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© S.Scotchmer 2005 Contents May Be Used Pursuant to Creative Commons Attribution-NoDerivs-NonCommercial Common Deed 1.0 Insurance Basics What is the economic function of insurance? E.g., (1) auto liability insurance; (2) life insurance. Usually we say that someone insures against a risk. Reducing risk increases wellbeing: Example. Probability of accident = 1/3. Cost of accident = $300. If it costs $100 for a $300 payout in case of accident, then (1) profit = 0, (2) accident does not change the expected net income of the insured (expected net income is wage minus $100 whether or not there is an accident), but reduces the variance in the net income.
© S.Scotchmer 2005 Contents May Be Used Pursuant to Creative Commons Attribution-NoDerivs-NonCommercial Common Deed 1.0 Screening and Insurance Two important issues in insurance (1) screening on probability of payout (2) moral hazard -- the insured will not be careful (moral hazard does not relate to genetics; wont discuss) Why do insurance rates differ for male and females drivers? Whats the effect of banning discrimination in these rates? - possibly opt-out by females - redistribution from females to males. With discrimination, insurance against two risks: (1) risk of accident and (2) risk of being male. Gender is like a genetic risk
© S.Scotchmer 2005 Contents May Be Used Pursuant to Creative Commons Attribution-NoDerivs-NonCommercial Common Deed 1.0 Insuring against Genetic Risk: Examples: Huntingtons gene: 1 person in 20,000. Person dies for sure. BRCA1,2 occur in maybe 1% of population. Death risk comparable to being a smoker. BRCA gene: Should price of health insurance (or life insurance) depend on whether insured has the gene? If no, what does breast-cancer insurance accomplish? If yes, what does breast-cancer insurance accomplish? (What risks are being insured?)
© S.Scotchmer 2005 Contents May Be Used Pursuant to Creative Commons Attribution-NoDerivs-NonCommercial Common Deed 1.0 Two kinds of risk Before you are born: The risk has been resolved -- either you have a BRCA gene or not. After you are born: The risk (whether you have an accident) will be resolved during your life. Genetic risks are before-you-are-born risks. Male/Female (observable) BRCA gene (unobservable) sickle-cell anemia (partially observable due to race)
© S.Scotchmer 2005 Contents May Be Used Pursuant to Creative Commons Attribution-NoDerivs-NonCommercial Common Deed 1.0 Compare two insurance schemes (1) All the women in Berkeley get tested for BRCA gene, and insurance companies can observe outcome. (2) No woman gets tested, so all women have the same insurance rates. What risks are being insured in the two schemes? - risk of being in the high-risk category (BRCA) ? - risk of environmentally-induced breast cancer ? Alternatively, think of (2) as redistribution. Now do the thought experiment for Huntingtons disease. Sickle-cell anemia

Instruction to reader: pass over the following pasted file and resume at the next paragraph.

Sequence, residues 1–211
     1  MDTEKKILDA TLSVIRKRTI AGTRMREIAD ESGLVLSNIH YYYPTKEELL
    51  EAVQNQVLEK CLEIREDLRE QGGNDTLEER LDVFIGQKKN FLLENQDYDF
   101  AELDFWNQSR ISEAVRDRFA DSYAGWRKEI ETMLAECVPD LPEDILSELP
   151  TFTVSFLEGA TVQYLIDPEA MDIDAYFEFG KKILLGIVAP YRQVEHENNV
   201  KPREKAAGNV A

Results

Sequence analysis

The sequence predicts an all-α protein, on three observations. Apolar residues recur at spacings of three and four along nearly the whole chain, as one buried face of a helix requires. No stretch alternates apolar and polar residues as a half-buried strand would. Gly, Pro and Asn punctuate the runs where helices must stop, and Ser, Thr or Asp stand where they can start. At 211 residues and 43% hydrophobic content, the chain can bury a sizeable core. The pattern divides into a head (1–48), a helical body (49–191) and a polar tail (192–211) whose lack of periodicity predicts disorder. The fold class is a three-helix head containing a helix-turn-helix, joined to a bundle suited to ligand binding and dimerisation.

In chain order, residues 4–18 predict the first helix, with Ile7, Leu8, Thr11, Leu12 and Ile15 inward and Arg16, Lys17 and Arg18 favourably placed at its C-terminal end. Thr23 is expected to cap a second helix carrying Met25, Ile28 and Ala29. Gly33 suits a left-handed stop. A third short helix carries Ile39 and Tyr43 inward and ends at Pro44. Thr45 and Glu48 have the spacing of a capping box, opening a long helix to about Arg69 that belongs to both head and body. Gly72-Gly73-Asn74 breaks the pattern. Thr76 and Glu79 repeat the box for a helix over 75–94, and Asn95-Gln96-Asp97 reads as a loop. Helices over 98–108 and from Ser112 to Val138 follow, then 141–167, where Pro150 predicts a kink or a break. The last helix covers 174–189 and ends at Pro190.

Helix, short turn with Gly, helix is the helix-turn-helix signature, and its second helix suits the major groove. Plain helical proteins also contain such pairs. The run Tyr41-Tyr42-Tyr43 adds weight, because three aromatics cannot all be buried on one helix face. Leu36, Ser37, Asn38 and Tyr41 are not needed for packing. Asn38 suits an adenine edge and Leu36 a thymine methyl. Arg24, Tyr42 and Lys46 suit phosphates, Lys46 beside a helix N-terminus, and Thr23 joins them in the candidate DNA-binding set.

© S.Scotchmer 2005 Contents May Be Used Pursuant to Creative Commons Attribution-NoDerivs-NonCommercial Common Deed 1.0 Insurance policy questions Should rates depend on genetics? What is genetic discrimination? Should insurance companies be allowed to require genetic testing? Should patients be allowed to have genetic information that they do not make available? Should the government provide back-up insurance in parallel with private providers, to avoid discrimination? (What will happen?)
© S.Scotchmer 2005 Contents May Be Used Pursuant to Creative Commons Attribution-NoDerivs-NonCommercial Common Deed 1.0 Regulatory interventions (do these make sense?) Massachusetts: tests must be reliable Association of British Insurers: 5-year moratorium on using genetic tests for life insurance policies under £ 500,000 Vermont: existing genetic info can be used, but new tests cannot be demanded. Several states: guarantee rights to genetic privacy
© S.Scotchmer 2005 Contents May Be Used Pursuant to Creative Commons Attribution-NoDerivs-NonCommercial Common Deed 1.0 What does Nowlan have to say? Insurance companies use of genetic info is not a big issue, because (1) Genetic predisposition does not matter much. (But what about Huntingtons? sickle-cell?) (2) Lack of genetic info has little impact because insurance contracts are short. When the bad news arrives (e.g., you got breast cancer?), rates can be raised. (Wow, what does he think insurance is for?) Who is Nowlan, and does he have an economic interest?
© S.Scotchmer 2005 Contents May Be Used Pursuant to Creative Commons Attribution-NoDerivs-NonCommercial Common Deed 1.0 Some social goals: (How do they inform us about rules for insurance?) Encourage people to know about genetic risks that can be managed? Facilitate the well functioning of the insurance industry by not giving genetic information to patients? Mitigate catastrophic loss. Keep insurance companies in business. (Are they at risk with genetic testing?) Social equity. What is social equity? (return to first slide)
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